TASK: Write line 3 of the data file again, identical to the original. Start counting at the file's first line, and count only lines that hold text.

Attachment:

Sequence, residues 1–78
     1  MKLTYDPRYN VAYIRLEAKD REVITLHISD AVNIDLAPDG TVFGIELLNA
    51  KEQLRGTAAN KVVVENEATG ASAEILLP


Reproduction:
    51  KEQLRGTAAN KVVVENEATG ASAEILLP